ROSEVILLE, Calif. — Phony pill dealer Virgil Bordner was sentenced Thursday to 17 years in prison for supplying the pills that killed Zach Didier.
Bordner was given 141 days of time served, and the 17-year sentence serves as the maximum term he was eligible to receive.
The 22-year-old Norteno gang affiliate previously pled no contest to two counts of selling drugs to a minor and one count of negligent homicide in Didier’s death.
Placer County investigators found Bordner sold fake pills to Didier on two separate days in December of 2020, later calling his parents from jail and instructing them to delete evidence from his phone and social media accounts. He was tracked down through an undercover investigation using Didier’s Snapchat and an aerial surveillance campaign that led cops to a home in Lincoln, where he was apprehended pulling out of the driveway.
Bordner was suspected of selling a Glock 23, Xanax, and pressed oxycodone. The pills and the gun were never found, and Bordner’s girlfriend told police he was leaving the home to pick up more drugs.
Before Judge Jeffrey Penney handed down the sentence, Bordner apologized and said he felt “disgraceful,” both to Didier’s family and his own.
“I understand that this is something I have to live with for the rest of my life,” Bordner said, speaking quietly into a microphone. “If I could take it back in a heartbeat and exchange my life for Zach’s, I would.”
Bordner’s attorney, Jennifer Mouzis, submitted a statement in mitigation last week that included letters from Bordner’s family, friends, and a high school teacher, as well as certificates of completion for several courses he underwent while in Placer County custody.
After Bordner was sentenced and shuffled out of the room, his stepfather stood with his back to the judge, shaking his head several times. He would later decline to speak to the media and shared a hug with a member of Didier’s family.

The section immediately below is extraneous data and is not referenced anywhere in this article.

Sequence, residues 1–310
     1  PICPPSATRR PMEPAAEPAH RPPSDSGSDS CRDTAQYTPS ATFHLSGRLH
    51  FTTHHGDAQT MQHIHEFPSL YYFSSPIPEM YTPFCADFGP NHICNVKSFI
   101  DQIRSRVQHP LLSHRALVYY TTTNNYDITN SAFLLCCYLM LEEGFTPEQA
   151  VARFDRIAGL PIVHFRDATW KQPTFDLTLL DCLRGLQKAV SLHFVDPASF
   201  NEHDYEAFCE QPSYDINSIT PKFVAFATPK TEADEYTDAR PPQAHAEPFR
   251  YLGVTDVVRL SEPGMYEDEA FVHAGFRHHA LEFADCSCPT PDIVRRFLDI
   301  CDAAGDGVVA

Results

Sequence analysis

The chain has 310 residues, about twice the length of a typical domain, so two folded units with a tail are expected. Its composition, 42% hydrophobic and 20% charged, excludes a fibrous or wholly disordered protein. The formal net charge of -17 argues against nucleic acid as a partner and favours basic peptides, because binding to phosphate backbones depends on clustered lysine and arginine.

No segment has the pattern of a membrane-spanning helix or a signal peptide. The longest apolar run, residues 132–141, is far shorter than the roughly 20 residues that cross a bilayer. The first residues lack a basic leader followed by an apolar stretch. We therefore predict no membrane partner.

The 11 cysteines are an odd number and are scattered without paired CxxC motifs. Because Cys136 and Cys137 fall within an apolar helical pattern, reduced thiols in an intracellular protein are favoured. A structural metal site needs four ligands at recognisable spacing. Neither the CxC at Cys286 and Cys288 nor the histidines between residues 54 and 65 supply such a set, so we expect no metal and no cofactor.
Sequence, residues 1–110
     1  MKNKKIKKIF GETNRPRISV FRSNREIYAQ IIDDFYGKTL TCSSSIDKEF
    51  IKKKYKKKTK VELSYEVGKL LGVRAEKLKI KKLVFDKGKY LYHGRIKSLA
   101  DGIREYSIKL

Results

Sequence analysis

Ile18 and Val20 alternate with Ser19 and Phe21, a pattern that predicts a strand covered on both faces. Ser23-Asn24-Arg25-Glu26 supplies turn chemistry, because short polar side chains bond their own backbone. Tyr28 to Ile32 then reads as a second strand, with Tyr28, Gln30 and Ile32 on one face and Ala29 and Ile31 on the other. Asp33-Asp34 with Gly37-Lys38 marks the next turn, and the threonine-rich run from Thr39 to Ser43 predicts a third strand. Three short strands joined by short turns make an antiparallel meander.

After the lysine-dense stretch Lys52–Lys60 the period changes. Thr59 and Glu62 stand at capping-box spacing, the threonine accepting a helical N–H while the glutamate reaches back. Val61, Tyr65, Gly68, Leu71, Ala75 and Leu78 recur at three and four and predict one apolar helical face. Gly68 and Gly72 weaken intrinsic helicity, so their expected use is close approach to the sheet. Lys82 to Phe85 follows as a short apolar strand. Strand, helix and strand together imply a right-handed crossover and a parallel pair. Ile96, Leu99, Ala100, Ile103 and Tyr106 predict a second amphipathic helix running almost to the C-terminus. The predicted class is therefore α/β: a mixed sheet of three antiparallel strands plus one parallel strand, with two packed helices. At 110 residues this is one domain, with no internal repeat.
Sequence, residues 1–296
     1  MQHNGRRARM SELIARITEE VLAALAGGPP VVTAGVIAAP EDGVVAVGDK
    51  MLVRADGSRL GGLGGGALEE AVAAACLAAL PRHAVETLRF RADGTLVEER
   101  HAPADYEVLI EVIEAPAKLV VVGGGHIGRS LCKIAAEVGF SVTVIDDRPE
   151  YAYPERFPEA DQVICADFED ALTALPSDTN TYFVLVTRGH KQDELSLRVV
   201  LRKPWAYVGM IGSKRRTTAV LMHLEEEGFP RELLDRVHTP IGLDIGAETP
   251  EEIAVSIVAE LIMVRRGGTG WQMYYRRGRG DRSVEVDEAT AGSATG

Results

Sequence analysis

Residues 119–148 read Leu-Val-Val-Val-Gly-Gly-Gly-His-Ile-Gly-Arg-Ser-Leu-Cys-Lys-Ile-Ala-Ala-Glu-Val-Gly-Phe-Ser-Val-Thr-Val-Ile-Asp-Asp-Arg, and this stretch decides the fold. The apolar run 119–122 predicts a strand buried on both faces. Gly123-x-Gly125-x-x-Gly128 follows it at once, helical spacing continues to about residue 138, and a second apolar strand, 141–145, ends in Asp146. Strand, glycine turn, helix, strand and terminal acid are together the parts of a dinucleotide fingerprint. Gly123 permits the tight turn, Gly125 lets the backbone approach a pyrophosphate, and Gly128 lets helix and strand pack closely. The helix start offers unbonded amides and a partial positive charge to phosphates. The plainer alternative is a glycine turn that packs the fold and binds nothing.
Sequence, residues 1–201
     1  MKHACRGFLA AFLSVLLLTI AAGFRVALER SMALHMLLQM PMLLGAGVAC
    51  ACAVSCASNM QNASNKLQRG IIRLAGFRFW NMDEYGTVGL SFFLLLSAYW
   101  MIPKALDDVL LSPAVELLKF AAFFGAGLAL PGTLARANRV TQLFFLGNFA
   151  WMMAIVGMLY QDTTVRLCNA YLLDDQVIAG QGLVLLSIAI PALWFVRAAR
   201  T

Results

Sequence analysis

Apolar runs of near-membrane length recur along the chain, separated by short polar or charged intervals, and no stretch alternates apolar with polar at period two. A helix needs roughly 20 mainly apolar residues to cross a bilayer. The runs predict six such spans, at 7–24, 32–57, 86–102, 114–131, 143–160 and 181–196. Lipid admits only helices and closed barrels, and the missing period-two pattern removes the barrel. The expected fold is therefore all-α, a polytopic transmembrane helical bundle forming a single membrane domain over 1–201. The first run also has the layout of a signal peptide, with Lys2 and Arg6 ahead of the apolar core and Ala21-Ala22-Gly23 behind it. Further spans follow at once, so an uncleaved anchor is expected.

The second-floor courtroom was packed with family and friends of Didier who read victim impact statements to the judge.
“Zach, he was impossible not to love,” his mother, Laura, told the court. “He was joyful from the moment he was born … Zach worked so hard to set himself up for an amazing future he never got to see.”
Judge Jeffrey Penney revealed at the hearing that Bordner wrote to him on August 23rd, asking to withdraw his guilty plea, citing ineffective assistance of counsel. By the time sentencing came around, however, he seemingly changed his mind and confirmed to the judge he wanted to proceed with sentencing.
Court will resume on October 24th for a restitution conference, where Bordner will not be present. He has been remanded into CDCR custody at the Placer County Jail.
Following the sentencing, District Attorney Morgan Gire, Didier’s parents, and Placer County Sheriff Wayne Woo spoke at a press conference outside of the courthouse. Gire remarked that, while Bordner’s sentencing marks the end of the criminal case, it is only the beginning of Placer County’s work to combat fentanyl deaths.
“To everyone who will listen, we will shout the message loudly about the dangers of fentanyl and the effect it is having on our community,” Gire said.